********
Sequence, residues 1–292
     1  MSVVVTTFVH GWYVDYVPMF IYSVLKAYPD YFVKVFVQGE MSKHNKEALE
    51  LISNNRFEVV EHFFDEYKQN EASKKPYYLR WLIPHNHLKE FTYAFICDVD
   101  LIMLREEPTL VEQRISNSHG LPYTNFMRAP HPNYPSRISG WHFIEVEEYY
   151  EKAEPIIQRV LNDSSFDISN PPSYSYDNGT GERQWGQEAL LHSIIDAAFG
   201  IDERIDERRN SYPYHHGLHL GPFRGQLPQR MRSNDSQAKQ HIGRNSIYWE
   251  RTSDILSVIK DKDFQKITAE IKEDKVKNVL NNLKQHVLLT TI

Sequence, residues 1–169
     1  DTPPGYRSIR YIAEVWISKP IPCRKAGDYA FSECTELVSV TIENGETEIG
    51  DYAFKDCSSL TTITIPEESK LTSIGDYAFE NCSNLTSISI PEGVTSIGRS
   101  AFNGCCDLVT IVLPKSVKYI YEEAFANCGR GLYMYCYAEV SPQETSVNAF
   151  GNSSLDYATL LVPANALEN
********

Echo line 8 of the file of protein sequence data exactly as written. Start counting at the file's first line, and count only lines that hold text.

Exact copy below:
Sequence, residues 1–169